Author

# Thierry Denux

Bio: Thierry Denux is an academic researcher from University of Technology of Compiègne. The author has contributed to research in topics: Dempster–Shafer theory & Transferable belief model. The author has an hindex of 12, co-authored 13 publications receiving 1222 citations.

##### Papers

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TL;DR: Experiments with synthetic and real data sets show that the proposed ECM (evidential c-means) algorithm can be considered as a promising tool in the field of exploratory statistics.

359 citations

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TL;DR: This paper extends the theory of belief functions by introducing new concepts and techniques, allowing to model the situation in which the beliefs held by a rational agent may only be expressed (or are only known) with some imprecision.

163 citations

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TL;DR: An extension of the discounting operation is proposed, allowing to use more detailed information regarding the reliability of the source in different contexts, i.e., conditionally on different hypotheses regarding the variable on interest.

153 citations

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TL;DR: Using the generalized Bayesian theorem, an extension of Bayes' theorem in the belief function framework, a criterion generalizing the likelihood function is derived, allowing the ability of this approach to exploit partial information about class labels.

130 citations

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TL;DR: Experiments with simulated data show that correct detection rates over 99% and correct localization rates over 92% can be achieved using this approach, which represents a major improvement over the state of the art reference method.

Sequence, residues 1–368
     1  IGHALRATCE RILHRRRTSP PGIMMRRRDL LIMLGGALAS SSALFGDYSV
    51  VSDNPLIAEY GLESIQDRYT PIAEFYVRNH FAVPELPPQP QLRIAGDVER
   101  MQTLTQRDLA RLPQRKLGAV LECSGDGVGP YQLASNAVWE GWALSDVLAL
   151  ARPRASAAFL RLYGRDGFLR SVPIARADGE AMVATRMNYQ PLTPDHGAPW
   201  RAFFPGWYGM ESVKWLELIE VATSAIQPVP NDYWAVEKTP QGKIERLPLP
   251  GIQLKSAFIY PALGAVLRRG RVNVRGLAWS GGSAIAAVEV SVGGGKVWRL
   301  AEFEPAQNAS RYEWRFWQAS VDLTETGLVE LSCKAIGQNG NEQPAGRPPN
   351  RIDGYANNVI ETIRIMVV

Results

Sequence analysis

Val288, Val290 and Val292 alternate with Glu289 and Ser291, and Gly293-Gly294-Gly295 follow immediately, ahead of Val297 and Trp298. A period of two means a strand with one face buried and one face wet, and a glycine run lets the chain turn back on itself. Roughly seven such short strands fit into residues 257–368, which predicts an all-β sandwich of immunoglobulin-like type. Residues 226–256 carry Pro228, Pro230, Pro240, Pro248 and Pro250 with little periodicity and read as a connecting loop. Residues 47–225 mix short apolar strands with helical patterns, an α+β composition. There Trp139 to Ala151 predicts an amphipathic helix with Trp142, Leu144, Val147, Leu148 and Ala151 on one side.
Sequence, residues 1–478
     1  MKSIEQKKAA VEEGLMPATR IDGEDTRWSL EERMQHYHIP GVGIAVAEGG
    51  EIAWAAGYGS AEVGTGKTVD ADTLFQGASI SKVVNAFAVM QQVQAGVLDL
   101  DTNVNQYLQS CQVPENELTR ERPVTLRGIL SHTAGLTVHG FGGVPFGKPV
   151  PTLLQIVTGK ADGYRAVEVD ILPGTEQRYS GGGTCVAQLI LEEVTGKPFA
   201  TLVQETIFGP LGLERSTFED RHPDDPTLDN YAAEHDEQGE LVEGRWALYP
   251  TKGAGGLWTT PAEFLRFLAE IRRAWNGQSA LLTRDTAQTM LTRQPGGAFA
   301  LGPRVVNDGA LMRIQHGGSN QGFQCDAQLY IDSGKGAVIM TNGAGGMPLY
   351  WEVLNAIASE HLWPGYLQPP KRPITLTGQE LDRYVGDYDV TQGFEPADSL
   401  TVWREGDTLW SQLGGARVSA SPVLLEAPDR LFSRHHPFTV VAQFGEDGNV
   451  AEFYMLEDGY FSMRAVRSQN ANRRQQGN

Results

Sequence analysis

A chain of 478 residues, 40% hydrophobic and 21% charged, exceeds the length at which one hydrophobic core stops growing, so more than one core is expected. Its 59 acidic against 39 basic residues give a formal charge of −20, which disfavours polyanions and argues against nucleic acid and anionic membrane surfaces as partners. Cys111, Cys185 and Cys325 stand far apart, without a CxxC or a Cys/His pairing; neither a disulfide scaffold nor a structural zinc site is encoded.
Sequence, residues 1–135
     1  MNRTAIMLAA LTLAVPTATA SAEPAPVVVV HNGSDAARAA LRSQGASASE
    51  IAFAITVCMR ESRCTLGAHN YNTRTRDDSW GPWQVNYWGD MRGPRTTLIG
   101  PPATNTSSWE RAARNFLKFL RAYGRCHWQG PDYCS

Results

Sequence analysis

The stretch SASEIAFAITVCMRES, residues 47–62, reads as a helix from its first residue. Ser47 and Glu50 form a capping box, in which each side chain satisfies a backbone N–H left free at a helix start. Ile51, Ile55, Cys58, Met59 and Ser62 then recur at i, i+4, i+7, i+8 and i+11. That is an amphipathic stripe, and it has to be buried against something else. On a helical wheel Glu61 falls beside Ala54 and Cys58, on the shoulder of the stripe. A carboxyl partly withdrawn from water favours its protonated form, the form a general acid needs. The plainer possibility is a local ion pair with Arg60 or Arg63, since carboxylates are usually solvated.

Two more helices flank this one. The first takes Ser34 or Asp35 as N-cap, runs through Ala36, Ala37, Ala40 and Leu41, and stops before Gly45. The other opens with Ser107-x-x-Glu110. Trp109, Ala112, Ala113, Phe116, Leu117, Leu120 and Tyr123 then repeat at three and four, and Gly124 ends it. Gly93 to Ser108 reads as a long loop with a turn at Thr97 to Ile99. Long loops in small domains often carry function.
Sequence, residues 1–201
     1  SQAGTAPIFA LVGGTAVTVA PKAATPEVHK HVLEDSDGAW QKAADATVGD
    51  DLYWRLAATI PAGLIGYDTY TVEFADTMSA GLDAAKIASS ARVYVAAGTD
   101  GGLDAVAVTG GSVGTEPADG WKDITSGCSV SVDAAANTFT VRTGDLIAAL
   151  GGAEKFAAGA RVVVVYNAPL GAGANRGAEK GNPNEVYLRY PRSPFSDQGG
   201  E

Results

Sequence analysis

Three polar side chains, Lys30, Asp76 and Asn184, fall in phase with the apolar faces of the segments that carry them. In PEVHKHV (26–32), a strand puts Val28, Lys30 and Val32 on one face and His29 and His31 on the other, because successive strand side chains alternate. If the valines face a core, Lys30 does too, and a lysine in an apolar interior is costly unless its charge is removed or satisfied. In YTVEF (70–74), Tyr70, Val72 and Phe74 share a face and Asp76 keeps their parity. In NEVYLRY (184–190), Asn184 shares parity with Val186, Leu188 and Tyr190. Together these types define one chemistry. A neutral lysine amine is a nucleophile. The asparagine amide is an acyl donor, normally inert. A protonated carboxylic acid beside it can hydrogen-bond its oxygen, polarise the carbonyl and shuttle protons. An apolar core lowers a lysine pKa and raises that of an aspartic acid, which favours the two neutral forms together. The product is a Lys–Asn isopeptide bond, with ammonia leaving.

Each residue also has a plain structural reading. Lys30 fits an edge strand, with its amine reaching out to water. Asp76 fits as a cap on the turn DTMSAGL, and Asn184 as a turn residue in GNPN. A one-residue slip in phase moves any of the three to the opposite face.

106 citations

##### Cited by

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TL;DR: In this paper, label noise consists of mislabeled instances: no additional information is assumed to be available like e.g., confidences on labels.

Abstract: Label noise is an important issue in classification, with many potential negative consequences. For example, the accuracy of predictions may decrease, whereas the complexity of inferred models and the number of necessary training samples may increase. Many works in the literature have been devoted to the study of label noise and the development of techniques to deal with label noise. However, the field lacks a comprehensive survey on the different types of label noise, their consequences and the algorithms that consider label noise. This paper proposes to fill this gap. First, the definitions and sources of label noise are considered and a taxonomy of the types of label noise is proposed. Second, the potential consequences of label noise are discussed. Third, label noise-robust, label noise cleansing, and label noise-tolerant algorithms are reviewed. For each category of approaches, a short discussion is proposed to help the practitioner to choose the most suitable technique in its own particular field of application. Eventually, the design of experiments is also discussed, what may interest the researchers who would like to test their own algorithms. In this paper, label noise consists of mislabeled instances: no additional information is assumed to be available like e.g., confidences on labels.

1,440 citations

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01 Apr 2002

TL;DR: This report surveys a number of possible combination rules for Dempster-Shafer structures and provides examples of the implementation of these rules for discrete and interval-valued data.